2. skippymom November 8, 2010 at 11:12 am #

    You sure do your research for this blog – thanks – always such a good read.

    Oh, I can’t wait to read that post – that should be interesting.

    • tipsfortips November 8, 2010 at 5:10 pm #

      It actually comes in handy at work too. I was waiting on a guy Saturday night. I was recommending the Wild Salmon and explaining that the season would be over soon. He rolled his eyes at me and said, “Salmon grows everywhere, there is no season.” I proceeded into an explanation of salmon spawning habits and extinction problems in the Atlantic. He looked up at me and said, “you know far more than I expected you to.” He did not lip off to me again during the meal, ate the salmon, and loved it.

  3. yellowcat November 8, 2010 at 3:35 pm #

    Thanks for the mention!

    One time Harrison Ford came in to eat at a restaurant where I worked. He was all decked out like a biker and I didn’t recognize him, but he was familiar. I asked the bartender who the guy was and he told me and asked if I wanted to meet him. Now I’ve had the most amazing crush on Harrison Ford since I was a teenager, so I did what any self respecting person would do in that situation. I left him alone. He was having dinner with some friends, obviously out of his celebrity personna, and I didn’t think mobbing him would be very nice. Unfortunately, some people who thought they were much more high class than me (cuz I’m a waitress and they’re not) insisted on meeting him, made a huge scene, ruined his dinner and caused him to leave. Jerks.

    • tipsfortips November 8, 2010 at 5:14 pm #

      One of my childhood heros comes into my restaurant regularly. I had always heard around that he was a jerk. He has always been completely cool with me. Now when people tell me he is a jerk I ask why. Generally it has something to do with them walking up to him at a restaurant and him not taking the time to talk with them extensively. Makes me wonder who is really the jerk in that situation.

  4. yellowcat November 8, 2010 at 3:35 pm #

    Thanks for the mention!

    One time Harrison Ford came in to eat at a restaurant where I worked. He was all decked out like a biker and I didn’t recognize him, but he was familiar. I asked the bartender who the guy was and he told me and asked if I wanted to meet him. Now I’ve had the most amazing crush on Harrison Ford since I was a teenager, so I did what any self respecting person would do in that situation. I left him alone. He was having dinner with some friends, obviously out of his celebrity personna, and I didn’t think mobbing him would be very nice. Unfortunately, some people who thought they were much more high class than me (cuz I’m a waitress and they’re not) insisted on meeting him, made a huge scene, ruined his dinner and caused him to leave. Jerks.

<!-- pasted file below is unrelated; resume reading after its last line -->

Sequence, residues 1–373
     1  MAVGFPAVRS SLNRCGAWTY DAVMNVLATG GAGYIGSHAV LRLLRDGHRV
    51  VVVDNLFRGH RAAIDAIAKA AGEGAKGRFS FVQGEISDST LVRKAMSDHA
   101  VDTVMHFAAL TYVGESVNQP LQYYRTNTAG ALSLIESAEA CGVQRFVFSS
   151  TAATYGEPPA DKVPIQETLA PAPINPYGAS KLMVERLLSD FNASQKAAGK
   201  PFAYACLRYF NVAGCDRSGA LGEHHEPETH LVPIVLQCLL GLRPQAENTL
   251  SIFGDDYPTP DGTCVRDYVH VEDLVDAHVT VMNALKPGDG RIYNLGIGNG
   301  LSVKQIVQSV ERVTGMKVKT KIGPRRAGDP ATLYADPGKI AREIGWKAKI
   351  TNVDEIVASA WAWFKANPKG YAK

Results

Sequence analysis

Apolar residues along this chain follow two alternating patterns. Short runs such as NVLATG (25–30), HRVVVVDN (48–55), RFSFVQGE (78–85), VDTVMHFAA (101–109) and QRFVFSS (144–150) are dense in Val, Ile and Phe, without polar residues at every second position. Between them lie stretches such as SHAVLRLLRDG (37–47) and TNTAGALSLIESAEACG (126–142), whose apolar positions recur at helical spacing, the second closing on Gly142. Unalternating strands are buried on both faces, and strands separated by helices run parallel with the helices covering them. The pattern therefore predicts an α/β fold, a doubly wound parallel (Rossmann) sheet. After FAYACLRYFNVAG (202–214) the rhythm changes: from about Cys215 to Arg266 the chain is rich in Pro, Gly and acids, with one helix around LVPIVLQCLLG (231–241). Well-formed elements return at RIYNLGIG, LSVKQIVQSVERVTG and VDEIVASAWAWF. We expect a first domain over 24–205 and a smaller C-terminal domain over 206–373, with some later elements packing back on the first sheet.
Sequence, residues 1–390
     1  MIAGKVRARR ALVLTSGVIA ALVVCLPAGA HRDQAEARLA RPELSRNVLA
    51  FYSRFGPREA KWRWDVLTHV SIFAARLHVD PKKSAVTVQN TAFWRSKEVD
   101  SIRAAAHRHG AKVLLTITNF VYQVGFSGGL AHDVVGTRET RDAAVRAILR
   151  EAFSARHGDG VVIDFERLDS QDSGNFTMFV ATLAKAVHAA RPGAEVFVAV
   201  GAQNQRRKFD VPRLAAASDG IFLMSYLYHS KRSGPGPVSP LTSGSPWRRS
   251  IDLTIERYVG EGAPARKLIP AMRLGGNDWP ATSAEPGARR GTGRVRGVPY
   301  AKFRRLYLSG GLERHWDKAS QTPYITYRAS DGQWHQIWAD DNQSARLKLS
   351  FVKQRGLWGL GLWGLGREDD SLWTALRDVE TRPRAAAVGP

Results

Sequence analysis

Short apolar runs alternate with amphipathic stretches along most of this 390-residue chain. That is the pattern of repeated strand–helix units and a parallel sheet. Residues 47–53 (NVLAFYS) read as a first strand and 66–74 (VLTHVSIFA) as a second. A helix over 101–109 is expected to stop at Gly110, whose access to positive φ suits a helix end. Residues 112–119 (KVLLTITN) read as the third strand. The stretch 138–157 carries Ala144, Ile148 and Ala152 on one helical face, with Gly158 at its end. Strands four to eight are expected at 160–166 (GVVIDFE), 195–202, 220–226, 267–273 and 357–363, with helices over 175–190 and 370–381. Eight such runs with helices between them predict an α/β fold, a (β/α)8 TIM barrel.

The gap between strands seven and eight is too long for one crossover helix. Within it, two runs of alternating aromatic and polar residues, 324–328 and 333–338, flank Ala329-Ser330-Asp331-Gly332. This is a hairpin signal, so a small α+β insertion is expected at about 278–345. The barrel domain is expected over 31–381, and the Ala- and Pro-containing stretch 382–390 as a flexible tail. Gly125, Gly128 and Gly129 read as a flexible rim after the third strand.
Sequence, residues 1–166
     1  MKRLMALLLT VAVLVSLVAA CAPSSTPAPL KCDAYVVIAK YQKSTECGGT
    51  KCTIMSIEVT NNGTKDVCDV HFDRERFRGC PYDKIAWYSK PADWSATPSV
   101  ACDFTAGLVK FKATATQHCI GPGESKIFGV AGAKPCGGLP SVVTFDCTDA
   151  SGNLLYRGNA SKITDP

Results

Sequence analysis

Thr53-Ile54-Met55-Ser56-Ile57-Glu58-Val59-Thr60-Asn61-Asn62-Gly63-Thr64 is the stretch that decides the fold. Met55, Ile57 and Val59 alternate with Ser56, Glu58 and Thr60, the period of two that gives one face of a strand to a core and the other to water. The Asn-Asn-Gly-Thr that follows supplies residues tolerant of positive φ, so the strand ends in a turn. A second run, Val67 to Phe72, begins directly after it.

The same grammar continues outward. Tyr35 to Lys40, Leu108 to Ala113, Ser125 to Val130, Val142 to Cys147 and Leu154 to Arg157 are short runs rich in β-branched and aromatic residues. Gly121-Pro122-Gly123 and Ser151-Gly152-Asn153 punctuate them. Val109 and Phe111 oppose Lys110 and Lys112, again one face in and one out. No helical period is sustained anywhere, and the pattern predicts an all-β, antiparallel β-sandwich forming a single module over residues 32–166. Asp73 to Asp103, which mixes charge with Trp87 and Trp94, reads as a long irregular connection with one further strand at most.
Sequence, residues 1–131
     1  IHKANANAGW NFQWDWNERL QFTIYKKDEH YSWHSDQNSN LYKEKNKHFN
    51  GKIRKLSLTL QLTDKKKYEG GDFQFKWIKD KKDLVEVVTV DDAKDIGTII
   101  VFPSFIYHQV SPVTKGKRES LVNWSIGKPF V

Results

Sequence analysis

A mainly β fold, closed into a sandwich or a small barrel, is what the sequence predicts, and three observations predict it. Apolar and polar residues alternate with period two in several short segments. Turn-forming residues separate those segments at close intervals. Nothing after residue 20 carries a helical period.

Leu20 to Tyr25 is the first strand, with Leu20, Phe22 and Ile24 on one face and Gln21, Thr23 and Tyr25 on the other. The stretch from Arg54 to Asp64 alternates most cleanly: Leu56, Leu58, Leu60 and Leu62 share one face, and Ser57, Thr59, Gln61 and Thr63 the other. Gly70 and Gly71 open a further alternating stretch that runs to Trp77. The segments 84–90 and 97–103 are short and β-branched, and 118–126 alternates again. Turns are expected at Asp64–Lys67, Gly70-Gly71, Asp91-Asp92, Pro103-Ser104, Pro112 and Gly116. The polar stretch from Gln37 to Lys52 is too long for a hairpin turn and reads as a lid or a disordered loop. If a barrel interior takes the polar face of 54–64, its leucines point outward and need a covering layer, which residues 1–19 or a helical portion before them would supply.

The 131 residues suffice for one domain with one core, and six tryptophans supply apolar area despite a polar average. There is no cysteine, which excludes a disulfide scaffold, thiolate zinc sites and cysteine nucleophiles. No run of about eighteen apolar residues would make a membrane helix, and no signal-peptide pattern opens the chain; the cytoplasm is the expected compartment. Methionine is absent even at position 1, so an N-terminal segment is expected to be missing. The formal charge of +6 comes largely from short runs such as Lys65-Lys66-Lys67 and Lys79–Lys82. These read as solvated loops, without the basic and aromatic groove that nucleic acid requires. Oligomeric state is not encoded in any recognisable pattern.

• tipsfortips November 8, 2010 at 5:14 pm #

      One of my childhood heros comes into my restaurant regularly. I had always heard around that he was a jerk. He has always been completely cool with me. Now when people tell me he is a jerk I ask why. Generally it has something to do with them walking up to him at a restaurant and him not taking the time to talk with them extensively. Makes me wonder who is really the jerk in that situation.

Trackbacks/Pingbacks

  1. Weird Restaurant Stories 11/20 « Tips on improving your Tips - November 20, 2010

    […] restaurant stories” tab at the top of the page.  I will be back on Monday with another batch of recommended reading.  Then next week I will be discussing some of the most difficult situations servers face.  […]

  2. Weird Restaurant Stories 11/20 « Tips on improving your Tips - November 20, 2010

    […] restaurant stories” tab at the top of the page.  I will be back on Monday with another batch of recommended reading.  Then next week I will be discussing some of the most difficult situations servers face.  […]